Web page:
Pride can bring with it a plethora of feelings as you navigate through the month as an LGBTQ+ person. Generally, it’s assumed to be a time of joy, exacerbated by shop fronts splashed with rainbow flags, parades and festivals. However, it’s not quite as simple as that. While we might see rainbow flags left, right and centre, this year in particular it’s harder to focus on celebration and more important to bring to light the areas where LGBTQ+ rights are currently being eroded across the UK – and why pride must remain a protest as well as a party.
Last month, for #MentalHealthAwarenessWeek, the Mental Health Foundation launched a report focusing on the week’s theme: loneliness. The report is quick to stipulate a number of ‘risk factors’ that can increase chances of severe and lasting loneliness – and one of these is being LGBTQ+. The pandemic isolating many people from their communities and leaving closeted LGBTQ+ people in potentially unsafe familial environments during lockdown has led to an increase in LGBTQ+ people struggling with their mental health.
So now we come into another Pride month where that recent loneliness is still at the forefront of many people’s experiences alongside a continuing fear of the future. Throughout the UK, there is growing stigma towards LGBTQ+ people, which was further proven in May as the government debated whether or not to make non-binary a legal gender , where Miriam Cates, Conservative MP, claimed that the rise in young people identifying as trans and non-binary was due to “indoctrination”. Writing from personal experience, if you’re already struggling with isolation due your identity, there is little as discouraging as seeing the people who are supposed to keep you safe: your government, friends, family relaying news stories that threaten your fundamental right to live.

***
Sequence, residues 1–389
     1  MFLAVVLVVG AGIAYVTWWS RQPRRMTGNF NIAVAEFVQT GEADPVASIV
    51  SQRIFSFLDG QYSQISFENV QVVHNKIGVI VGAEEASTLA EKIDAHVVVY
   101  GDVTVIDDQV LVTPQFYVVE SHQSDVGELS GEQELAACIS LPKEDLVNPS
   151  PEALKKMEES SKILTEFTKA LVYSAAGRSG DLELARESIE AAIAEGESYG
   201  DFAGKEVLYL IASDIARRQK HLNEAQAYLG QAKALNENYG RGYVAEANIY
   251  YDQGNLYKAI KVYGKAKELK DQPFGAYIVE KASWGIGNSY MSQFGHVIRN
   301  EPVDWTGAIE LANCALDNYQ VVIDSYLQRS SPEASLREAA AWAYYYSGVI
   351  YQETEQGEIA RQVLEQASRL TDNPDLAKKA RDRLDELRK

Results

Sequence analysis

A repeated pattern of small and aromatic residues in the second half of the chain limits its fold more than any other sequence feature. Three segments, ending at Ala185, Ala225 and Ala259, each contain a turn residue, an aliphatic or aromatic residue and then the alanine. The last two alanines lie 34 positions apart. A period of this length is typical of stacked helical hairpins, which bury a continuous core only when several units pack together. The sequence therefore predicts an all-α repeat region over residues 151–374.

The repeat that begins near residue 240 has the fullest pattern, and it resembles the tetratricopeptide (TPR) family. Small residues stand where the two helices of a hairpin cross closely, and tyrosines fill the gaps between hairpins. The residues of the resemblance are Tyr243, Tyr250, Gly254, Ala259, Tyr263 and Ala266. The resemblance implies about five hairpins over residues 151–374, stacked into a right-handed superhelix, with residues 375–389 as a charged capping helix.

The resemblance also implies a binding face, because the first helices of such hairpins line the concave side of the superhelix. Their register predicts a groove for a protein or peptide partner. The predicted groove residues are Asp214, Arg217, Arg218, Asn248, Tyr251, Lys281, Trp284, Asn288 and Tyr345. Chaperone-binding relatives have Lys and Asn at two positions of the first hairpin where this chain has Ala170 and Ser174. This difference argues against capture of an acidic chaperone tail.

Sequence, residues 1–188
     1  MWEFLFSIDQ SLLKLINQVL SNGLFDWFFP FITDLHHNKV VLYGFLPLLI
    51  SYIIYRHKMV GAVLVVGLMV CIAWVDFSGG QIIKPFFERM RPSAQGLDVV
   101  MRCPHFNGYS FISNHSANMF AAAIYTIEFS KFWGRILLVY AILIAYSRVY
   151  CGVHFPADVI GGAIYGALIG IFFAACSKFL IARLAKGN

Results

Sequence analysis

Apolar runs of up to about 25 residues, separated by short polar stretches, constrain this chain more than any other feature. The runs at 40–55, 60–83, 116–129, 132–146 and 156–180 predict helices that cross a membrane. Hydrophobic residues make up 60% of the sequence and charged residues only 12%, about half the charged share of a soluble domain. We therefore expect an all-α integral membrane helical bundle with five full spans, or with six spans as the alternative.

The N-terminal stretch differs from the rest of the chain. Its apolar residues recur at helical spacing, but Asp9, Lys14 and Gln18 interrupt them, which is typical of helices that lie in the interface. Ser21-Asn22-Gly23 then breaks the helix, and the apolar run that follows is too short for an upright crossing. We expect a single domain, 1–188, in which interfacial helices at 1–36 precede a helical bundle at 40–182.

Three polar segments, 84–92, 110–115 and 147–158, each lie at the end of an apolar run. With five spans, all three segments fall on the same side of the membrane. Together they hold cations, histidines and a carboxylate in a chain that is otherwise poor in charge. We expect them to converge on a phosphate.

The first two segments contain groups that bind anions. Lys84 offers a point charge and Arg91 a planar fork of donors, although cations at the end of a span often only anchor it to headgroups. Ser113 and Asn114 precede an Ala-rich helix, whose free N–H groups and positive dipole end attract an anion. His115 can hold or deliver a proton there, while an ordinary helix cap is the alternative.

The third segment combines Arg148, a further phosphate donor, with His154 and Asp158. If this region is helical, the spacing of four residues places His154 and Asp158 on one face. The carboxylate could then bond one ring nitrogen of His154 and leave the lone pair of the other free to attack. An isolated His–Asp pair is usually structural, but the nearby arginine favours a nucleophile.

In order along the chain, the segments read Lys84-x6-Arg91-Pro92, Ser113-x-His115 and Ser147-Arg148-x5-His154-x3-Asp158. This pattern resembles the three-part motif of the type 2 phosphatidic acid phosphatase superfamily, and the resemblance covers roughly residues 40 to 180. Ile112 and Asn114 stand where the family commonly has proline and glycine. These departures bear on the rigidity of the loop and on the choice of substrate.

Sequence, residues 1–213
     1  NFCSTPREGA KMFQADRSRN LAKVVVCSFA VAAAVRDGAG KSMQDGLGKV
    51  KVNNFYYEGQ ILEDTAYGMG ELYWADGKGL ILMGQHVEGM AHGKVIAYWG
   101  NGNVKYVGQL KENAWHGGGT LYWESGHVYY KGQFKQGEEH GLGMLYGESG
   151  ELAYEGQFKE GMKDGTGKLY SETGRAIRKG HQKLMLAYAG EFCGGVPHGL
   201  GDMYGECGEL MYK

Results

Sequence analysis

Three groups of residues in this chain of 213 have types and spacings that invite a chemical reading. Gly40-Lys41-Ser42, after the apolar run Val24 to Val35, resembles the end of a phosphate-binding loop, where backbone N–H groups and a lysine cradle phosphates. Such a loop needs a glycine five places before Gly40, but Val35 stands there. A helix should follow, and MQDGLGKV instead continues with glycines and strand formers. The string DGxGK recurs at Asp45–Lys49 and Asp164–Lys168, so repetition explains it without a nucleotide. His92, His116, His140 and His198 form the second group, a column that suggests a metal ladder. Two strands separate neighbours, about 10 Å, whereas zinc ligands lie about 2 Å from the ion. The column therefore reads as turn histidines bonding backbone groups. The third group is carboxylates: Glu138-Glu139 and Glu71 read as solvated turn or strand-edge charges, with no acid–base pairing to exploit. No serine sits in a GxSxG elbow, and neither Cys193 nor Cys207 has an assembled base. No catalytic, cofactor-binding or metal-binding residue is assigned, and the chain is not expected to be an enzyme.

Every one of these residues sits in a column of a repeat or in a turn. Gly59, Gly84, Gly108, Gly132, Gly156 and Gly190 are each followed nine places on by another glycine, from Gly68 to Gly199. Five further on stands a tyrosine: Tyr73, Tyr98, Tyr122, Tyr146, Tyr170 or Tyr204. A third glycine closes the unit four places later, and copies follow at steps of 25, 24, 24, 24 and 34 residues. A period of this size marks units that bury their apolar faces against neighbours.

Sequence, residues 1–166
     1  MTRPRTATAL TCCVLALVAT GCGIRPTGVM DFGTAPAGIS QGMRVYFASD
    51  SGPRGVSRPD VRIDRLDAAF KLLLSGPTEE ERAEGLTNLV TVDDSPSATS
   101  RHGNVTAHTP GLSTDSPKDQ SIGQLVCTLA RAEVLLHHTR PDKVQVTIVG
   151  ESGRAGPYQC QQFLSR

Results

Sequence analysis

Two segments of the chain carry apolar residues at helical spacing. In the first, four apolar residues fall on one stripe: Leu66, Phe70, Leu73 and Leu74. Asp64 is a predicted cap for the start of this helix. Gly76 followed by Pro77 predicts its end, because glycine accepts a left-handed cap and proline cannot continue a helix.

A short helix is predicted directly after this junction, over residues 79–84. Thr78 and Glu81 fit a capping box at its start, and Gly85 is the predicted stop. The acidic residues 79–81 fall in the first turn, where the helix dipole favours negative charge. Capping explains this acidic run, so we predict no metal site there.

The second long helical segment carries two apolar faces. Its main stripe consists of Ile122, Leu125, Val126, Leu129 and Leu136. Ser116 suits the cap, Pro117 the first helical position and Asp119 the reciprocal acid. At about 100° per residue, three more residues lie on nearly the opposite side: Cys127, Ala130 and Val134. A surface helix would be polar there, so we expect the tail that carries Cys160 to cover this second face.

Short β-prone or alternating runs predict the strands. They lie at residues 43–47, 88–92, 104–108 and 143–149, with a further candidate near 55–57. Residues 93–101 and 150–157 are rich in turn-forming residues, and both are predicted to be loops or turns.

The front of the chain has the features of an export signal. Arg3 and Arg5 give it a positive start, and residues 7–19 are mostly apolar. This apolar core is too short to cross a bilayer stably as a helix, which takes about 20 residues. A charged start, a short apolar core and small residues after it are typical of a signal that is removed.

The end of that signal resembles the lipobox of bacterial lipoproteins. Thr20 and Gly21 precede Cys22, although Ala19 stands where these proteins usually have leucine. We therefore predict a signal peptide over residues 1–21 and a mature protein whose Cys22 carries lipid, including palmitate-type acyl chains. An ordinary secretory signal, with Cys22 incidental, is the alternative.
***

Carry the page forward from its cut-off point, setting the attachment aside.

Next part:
As much as we’ll be brushing down our most glittery outfits at some point over June (and again in August for Manchester!), we have a priority as a community and as allies to put these prevailing issues first. It’s not enough for companies to slap a rainbow sticker on things and call themselves allies anymore. It can’t be that people participate in the celebration of pride on one hand, without acknowledging the changes that need to be made on the other. We’re sure that this month will see many fickle posts on social media as businesses align themselves with the LGBTQ+ community for a single month before returning to noticeable silence for the rest of the year. There’s a need for proactive change throughout the UK to ensure our rights get better and continue to protect vulnerable people who need them the most.
This Pride we’re hoping for more togetherness. More protest. More allyship. If you’re someone who has felt particularly isolated throughout the pandemic, we wanted to share some useful links from our friends at the LGBT Foundation that might help you to find the community you’re looking for in Manchester. Slide to see them.
If you’re looking for ways that you might engage more politically throughout Pride, we’ve written about some of the causes we’re passionate about here.
We’re hopeful for a better future. One where we can truly celebrate Pride; remember and commemorate the incredible people who have come before us with blazing passion for LGBTQ+ rights. But right now, we’re also ready to get our work boots on, roll up our sleeves and get back to making change.